Journalists’ emails hacked in China
In what appears to be a coordinated assault, the email accounts of more than a dozen rights activists, academics and journalists who cover China have been compromised by unknown intruders.world Updated: Mar 31, 2010 23:58 IST
In what appears to be a coordinated assault, the email accounts of more than a dozen rights activists, academics and journalists who cover China have been compromised by unknown intruders. A Chinese human rights organisation also said that hackers disabled its website for a fifth straight day.
The infiltrations, which involved Yahoo email accounts, appeared to be aimed at people who write about China and Taiwan, rendering their accounts inaccessible, according to those who were affected.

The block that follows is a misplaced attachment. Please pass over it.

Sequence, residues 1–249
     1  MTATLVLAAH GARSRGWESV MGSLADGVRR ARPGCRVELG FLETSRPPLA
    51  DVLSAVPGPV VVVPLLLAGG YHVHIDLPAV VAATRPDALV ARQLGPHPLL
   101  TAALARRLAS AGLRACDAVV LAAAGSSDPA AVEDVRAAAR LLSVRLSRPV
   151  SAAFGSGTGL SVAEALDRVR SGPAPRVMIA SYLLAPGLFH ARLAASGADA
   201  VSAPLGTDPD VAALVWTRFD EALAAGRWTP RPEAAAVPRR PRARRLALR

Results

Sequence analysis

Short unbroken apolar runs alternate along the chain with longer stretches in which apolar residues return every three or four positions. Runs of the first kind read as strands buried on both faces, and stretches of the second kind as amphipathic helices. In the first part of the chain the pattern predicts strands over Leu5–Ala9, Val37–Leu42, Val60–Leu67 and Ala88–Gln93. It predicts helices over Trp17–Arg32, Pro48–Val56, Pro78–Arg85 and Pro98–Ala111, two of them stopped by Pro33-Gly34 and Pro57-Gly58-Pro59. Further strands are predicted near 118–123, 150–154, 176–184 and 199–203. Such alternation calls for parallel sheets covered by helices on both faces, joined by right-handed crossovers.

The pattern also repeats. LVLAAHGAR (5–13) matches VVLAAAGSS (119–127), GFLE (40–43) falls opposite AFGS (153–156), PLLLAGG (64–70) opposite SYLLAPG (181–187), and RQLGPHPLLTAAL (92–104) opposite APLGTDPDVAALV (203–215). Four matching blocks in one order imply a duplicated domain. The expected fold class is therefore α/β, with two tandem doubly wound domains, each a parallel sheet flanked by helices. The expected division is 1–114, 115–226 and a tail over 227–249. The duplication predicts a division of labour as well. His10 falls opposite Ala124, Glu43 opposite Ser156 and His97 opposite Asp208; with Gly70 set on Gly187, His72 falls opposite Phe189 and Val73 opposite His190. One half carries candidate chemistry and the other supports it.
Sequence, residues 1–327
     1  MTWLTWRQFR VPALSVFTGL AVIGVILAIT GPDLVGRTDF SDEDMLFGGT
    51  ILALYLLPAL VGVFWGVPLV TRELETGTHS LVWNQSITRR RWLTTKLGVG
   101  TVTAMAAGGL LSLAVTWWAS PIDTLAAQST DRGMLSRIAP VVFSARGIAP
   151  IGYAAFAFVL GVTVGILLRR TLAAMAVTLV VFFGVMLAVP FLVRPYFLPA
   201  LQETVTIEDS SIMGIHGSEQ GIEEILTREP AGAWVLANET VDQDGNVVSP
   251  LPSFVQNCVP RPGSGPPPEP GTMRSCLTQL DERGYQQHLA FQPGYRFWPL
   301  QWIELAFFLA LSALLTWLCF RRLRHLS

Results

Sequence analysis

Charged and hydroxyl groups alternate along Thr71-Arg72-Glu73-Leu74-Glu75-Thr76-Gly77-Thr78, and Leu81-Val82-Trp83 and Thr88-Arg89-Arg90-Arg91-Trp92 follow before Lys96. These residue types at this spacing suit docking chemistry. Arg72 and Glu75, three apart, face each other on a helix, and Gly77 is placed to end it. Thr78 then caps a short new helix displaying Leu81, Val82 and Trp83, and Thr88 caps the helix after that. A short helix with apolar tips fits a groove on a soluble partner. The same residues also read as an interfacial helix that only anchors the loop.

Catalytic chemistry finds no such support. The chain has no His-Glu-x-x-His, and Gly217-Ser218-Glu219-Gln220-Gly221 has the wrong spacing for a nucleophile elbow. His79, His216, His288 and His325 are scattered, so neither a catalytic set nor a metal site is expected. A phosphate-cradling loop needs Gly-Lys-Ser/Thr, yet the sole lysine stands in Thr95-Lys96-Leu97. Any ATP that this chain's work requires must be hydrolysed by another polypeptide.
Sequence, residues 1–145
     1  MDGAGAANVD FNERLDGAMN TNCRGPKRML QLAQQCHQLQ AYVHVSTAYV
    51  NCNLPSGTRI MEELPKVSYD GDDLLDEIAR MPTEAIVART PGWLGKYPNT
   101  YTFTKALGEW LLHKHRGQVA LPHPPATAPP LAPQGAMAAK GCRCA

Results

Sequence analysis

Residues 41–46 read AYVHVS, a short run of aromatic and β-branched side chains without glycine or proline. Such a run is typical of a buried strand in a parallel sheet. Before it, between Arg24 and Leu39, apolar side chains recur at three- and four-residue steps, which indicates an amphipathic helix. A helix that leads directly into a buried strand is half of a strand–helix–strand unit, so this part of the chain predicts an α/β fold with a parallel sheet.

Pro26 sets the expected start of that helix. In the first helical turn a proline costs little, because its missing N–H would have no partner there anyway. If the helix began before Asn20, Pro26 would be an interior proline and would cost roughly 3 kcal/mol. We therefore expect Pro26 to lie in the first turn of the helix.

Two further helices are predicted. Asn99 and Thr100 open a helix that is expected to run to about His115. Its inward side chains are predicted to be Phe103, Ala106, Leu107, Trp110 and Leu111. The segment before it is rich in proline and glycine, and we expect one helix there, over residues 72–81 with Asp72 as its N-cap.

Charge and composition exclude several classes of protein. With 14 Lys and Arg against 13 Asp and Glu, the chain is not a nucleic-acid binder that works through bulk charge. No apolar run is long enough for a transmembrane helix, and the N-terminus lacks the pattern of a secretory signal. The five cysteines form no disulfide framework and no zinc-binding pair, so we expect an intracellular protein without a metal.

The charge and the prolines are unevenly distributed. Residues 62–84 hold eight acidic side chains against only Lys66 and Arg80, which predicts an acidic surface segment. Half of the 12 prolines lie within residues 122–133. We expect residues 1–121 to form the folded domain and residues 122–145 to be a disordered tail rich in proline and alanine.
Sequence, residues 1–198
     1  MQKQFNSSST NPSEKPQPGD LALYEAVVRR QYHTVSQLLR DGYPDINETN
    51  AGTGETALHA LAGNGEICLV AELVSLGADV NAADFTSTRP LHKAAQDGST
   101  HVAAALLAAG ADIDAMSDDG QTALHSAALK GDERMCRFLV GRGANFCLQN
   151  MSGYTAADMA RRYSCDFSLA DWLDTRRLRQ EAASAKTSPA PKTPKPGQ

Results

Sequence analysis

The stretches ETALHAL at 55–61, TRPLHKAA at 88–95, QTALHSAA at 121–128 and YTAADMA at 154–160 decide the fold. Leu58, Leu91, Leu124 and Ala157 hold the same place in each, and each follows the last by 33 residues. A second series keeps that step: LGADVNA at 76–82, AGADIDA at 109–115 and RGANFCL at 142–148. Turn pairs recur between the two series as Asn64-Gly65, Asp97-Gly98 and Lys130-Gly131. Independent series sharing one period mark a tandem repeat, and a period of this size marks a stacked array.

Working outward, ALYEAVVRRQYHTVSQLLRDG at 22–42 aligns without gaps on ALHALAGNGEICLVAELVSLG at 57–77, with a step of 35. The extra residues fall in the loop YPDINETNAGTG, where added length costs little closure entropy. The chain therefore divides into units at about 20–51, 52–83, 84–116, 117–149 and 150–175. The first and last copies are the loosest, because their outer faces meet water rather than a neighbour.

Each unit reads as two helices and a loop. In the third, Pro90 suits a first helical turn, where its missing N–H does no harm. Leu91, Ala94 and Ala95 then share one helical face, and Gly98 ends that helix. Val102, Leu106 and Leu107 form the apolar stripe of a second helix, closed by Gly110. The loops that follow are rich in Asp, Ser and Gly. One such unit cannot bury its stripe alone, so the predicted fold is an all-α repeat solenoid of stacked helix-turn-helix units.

In the case of this reporter, hackers altered email settings so that all correspondence was surreptitiously forwarded to another email address.
The attacks, most of which began last Thursday, occurred the same week that Google angered the Chinese government by routing Internet search engine requests out of the mainland to a site in Hong Kong.
The victims of the recent intrusions included a law professor in the United States, an analyst who writes about China’s security apparatus and several print journalists based in Beijing and Taipei, the capital of Taiwan.
“It’s very unsettling,” said Clifford Coonan, the China correspondent for Variety magazine, whose email account was rendered inaccessible last week after Yahoo detected that someone had gained access to it remotely. “You can’t help but wonder why you’ve been targeted.”
Kathleen McLaughlin, an American freelance journalist in Beijing who sits on the board of the Foreign Correspondents’ Club of China, said the group has confirmed that 10 journalists, including herself, had their accounts compromised. “Someone is clearly targeting journalists,” she said. “It makes me feel very uncomfortable.”
Yahoo, which in 2005 sold its China operations to the Chinese e-commerce company Alibaba, has faced criticism for cooperating with government security officials in the past.
The New York Times